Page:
RIP Stadia, Long Live Cloud Gaming
Netflix, Hulu, Disney+, HBO, Apple TV+, and whatever else seems to be created every 20 minutes. These are all streaming services trying to earn your dollar and your time. TV streaming has become something every company appears to have a hand in. It’s obvious why: guaranteed recurring revenue for your subscriber base, a captive audience to show only your content too, and the ability for the end-user to consume anything you may surface for them immediately.
Video isn’t the only thing that can take advantage of these modern improvements to the video pipeline. Gaming is next, and it’s already here.
Game Streaming has been advancing in the shadows without much press. Initially pioneered by OnLive in the early age of Fiber Optic internet has since expanded, Boosteroid, xCloud, GeForce NOW, and many others. These streaming services promise to allow you to play nearly any game in your library immediately - assuming you have the internet connection to support it.
Effectively, your game is running on someone else’s server equipped with an insanely powerful graphics card. This server would receive your inputs and controls over the internet, then stream the game's video back to you. As you may imagine - unless you have perfect internet and live close to these servers, it can add a fair bit of latency to your experience.
The appeal is clear: Buy a game and play it immediately. No 2-hour+ download times. No dealing with installers. No hardware compatibility. Just go.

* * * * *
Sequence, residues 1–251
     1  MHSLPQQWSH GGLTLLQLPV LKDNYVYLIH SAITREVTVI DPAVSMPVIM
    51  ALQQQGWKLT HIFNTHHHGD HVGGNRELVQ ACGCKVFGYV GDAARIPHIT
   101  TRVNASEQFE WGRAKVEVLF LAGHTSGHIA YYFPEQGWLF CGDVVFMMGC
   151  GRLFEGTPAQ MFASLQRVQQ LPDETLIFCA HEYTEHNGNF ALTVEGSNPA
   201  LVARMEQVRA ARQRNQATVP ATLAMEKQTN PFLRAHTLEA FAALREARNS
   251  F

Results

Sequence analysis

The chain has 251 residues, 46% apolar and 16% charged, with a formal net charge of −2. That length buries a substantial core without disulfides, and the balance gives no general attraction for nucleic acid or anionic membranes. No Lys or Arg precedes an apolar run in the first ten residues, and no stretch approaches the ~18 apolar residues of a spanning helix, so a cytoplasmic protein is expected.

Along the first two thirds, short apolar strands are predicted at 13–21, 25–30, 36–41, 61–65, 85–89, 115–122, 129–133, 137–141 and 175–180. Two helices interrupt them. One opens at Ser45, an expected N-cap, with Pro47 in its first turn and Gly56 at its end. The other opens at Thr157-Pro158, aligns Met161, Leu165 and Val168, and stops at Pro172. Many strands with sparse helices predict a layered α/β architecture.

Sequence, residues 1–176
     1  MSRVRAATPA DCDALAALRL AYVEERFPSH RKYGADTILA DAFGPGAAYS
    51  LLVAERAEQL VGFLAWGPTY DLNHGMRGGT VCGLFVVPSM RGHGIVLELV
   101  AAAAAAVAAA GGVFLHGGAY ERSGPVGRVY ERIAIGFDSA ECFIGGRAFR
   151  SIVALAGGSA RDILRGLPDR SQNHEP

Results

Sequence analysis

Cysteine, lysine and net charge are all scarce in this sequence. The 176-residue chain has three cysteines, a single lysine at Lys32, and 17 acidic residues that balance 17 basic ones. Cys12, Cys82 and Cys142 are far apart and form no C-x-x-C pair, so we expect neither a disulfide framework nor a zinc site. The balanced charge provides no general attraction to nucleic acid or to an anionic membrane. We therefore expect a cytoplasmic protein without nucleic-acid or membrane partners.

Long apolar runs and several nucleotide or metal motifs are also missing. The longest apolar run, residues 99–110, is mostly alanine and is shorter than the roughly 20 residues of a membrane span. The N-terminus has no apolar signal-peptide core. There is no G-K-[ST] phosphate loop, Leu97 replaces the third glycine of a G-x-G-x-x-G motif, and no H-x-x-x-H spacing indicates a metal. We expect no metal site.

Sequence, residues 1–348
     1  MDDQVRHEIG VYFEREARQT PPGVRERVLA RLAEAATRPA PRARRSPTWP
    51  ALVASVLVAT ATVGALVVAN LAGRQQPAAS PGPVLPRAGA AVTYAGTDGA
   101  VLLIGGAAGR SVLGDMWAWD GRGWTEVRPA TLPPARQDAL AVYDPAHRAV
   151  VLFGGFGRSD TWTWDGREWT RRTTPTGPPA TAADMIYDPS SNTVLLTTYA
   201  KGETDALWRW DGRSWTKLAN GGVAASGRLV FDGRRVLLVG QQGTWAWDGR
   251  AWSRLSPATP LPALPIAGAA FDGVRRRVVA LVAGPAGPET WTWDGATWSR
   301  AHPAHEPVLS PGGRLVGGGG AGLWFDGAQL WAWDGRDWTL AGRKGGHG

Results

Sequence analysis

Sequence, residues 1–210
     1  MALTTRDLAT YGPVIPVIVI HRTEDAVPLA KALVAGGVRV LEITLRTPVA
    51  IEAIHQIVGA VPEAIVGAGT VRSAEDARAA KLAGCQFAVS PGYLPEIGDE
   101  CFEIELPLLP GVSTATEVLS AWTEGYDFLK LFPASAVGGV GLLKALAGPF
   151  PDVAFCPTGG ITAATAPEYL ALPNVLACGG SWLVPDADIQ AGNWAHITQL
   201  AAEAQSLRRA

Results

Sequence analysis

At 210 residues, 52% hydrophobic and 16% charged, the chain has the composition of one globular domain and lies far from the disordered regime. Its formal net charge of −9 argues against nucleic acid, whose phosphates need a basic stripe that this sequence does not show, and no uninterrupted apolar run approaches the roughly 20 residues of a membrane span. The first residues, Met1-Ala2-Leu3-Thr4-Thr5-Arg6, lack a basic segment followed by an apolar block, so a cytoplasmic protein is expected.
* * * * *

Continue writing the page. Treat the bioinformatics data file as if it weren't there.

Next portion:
And while game streaming has a future (at least Netflix thinks so, as do many of the other big guys), I don’t believe it’s in the world of 100% streamed gameplay. Rather, a hybrid of the two.
Like Digital Realms? There’s more to come!
100% cloud-based gaming has advantages, but it also has plenty of efficiency flaws. Many engine-based or platform features that could likely be run on modern hardware without a hitch (and wouldn’t require a sizable download) are also cloud-based. This leaves the browser to display the picture and not contribute to any of the heavy lifting. Things like helping control player movement, displaying some UI elements, or basic math could be done locally — no need for server-based management.
Some platforms are already doing this.
Roblox allows you to access millions of experiences in a tap, and you don’t need to re-download anything except for the Roblox client. Everything else streams in and caches in real time as you explore the experience. Why do full games have to be any different?
A fair argument could support Offline Play - games you want to be able to play and enjoy without an internet connection. However, moving to a hybrid model would still allow these to work. Players would choose to “Download” or save a copy of all required game data locally. Quick jump-in-to-play for those who don’t care about offline, but the choice is there for those who want it.
Do you support a cloud gaming future?